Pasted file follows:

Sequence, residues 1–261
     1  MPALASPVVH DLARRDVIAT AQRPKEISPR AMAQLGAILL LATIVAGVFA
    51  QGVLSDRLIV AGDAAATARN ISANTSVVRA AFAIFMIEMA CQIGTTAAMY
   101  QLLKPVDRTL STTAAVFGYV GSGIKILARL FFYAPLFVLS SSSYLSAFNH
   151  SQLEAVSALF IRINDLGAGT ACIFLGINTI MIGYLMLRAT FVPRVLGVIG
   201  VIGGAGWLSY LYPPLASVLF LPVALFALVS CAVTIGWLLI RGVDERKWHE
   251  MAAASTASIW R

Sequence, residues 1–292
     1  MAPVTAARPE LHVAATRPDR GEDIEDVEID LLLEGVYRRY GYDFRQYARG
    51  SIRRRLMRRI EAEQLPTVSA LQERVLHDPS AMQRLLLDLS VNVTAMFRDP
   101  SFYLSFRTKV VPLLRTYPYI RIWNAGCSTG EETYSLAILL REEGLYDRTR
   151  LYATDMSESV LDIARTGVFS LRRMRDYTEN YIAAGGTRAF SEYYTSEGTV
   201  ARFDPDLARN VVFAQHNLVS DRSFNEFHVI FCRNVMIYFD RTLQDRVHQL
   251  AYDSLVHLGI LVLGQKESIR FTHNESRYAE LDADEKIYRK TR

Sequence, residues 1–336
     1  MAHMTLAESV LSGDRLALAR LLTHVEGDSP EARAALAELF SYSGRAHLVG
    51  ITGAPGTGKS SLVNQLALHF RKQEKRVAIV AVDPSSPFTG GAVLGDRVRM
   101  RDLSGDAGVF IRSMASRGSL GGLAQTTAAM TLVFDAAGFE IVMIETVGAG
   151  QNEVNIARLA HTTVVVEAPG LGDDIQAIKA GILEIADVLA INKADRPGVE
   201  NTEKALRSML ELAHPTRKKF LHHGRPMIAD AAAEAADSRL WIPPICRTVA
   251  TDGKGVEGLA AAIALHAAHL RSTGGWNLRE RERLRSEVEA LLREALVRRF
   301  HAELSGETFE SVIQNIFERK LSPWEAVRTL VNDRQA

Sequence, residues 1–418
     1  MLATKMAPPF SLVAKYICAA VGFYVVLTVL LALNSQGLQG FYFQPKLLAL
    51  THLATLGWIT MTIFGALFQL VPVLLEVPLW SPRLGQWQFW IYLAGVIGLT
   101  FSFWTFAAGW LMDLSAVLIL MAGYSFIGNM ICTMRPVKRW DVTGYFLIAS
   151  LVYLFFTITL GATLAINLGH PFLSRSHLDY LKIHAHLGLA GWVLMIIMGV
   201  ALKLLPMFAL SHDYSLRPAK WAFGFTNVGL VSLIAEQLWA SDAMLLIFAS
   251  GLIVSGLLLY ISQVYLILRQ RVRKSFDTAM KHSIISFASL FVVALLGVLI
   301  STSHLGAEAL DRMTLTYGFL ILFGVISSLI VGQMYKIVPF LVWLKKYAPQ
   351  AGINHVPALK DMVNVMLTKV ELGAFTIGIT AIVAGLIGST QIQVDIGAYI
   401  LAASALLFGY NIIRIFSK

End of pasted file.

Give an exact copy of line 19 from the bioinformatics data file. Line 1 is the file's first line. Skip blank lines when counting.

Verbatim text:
   151  QNEVNIARLA HTTVVVEAPG LGDDIQAIKA GILEIADVLA INKADRPGVE